The Australian study of nearly 250 non-diabetic men and women found those people whose blood sugar levels were on the high end of the normal range, not high enough to be categorized as having diabetes or prediabetes, were more likely to have brain shrinkage in certain areas linked to memory and emotional processing compared with people with lower blood sugar levels. The results held up even after controlling for lifestyle factors such as smoking and weight.
“If replicated, this finding may contribute to a reevaluation of the concept of normal blood glucose levels and the definition of diabetes,” wrote study author Dr. Nicolas Cherbuin, director of the Neuroimaging and Brain Lab at Australian National University in Canberra, Australia.
Previous research has linked diabetes, a disorder in which blood sugar levels are abnormally high, to age-related cognitive decline. But the new study, published Monday in the journal Neurology, suggested controlling blood sugar levels could boost cognitive health in non-diabetics.
Some studies suggest blood sugar control can help regulate the body’s inflammatory response, which has been linked to brain shrinkage. Another theory is that high sugar levels make the blood stickier, raising the risk of clots that starve the brain.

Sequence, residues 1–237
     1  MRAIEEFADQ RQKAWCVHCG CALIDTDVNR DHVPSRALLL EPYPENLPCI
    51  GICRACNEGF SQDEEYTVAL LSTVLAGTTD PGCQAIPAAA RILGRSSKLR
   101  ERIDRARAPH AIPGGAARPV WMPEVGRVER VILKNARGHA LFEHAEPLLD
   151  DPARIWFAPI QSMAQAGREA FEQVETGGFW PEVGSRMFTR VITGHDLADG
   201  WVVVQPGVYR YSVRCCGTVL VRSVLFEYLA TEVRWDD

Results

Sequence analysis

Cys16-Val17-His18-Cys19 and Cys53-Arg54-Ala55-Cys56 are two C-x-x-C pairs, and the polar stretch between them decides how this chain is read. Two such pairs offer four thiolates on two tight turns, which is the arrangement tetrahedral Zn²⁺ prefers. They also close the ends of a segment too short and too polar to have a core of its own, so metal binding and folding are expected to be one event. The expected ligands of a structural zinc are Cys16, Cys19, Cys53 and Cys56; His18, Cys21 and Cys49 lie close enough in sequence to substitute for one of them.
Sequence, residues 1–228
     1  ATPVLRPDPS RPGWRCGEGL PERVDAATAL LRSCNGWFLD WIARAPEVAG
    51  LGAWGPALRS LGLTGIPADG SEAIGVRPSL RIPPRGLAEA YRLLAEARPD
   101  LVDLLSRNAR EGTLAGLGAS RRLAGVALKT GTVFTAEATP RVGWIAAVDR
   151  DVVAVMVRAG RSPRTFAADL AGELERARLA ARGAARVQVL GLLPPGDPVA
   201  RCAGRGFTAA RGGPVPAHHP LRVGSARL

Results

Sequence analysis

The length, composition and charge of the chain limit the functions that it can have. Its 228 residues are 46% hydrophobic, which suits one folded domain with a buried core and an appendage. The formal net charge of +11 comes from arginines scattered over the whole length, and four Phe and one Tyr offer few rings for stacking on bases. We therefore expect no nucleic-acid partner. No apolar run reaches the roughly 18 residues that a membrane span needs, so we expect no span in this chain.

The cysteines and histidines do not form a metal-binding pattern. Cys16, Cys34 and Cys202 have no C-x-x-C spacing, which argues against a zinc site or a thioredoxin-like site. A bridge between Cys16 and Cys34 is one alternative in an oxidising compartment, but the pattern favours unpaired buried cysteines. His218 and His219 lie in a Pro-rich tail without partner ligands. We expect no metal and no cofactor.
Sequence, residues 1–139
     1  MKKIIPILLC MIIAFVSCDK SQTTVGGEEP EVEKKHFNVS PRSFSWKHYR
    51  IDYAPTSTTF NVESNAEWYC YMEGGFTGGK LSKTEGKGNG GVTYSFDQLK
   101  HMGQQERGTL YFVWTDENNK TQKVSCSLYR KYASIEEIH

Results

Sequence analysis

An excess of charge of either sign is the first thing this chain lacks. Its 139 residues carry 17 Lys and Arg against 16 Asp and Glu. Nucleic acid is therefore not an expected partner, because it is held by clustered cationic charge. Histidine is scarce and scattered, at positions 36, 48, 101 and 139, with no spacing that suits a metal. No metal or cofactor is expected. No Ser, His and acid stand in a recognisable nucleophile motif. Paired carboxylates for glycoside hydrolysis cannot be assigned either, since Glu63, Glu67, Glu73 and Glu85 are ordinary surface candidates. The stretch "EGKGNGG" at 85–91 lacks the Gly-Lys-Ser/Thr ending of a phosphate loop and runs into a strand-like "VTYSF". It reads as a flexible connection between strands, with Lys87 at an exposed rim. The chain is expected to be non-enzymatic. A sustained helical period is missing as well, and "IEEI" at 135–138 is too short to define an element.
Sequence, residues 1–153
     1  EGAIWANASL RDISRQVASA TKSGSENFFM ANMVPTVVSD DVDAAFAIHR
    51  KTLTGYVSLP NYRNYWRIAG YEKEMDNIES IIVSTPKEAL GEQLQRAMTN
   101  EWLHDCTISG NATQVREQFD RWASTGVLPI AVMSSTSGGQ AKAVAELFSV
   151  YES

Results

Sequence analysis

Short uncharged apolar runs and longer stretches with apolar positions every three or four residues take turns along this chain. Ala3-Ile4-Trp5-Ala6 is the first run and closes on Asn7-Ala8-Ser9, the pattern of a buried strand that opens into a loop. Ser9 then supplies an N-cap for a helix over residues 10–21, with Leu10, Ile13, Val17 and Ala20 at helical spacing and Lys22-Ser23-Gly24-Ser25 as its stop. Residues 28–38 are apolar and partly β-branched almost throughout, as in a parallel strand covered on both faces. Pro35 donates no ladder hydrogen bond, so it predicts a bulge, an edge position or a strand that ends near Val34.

Either way, experts said, the study supports healthy eating to keep blood sugar levels in check.
“This in line with many other studies that have been published and adds to all of the data on diabetes affecting brain health,” said Dr. R. Scott Turner, director of the Memory Disorders Program and a professor of neurology at Georgetown University Medical Center, who was not involved with this study.
For non-diabetic patients with high blood sugar levels, Turner recommended adopting the American Diabetes Association diet, which is high in non-starchy vegetables and low in carbohydrates and protein.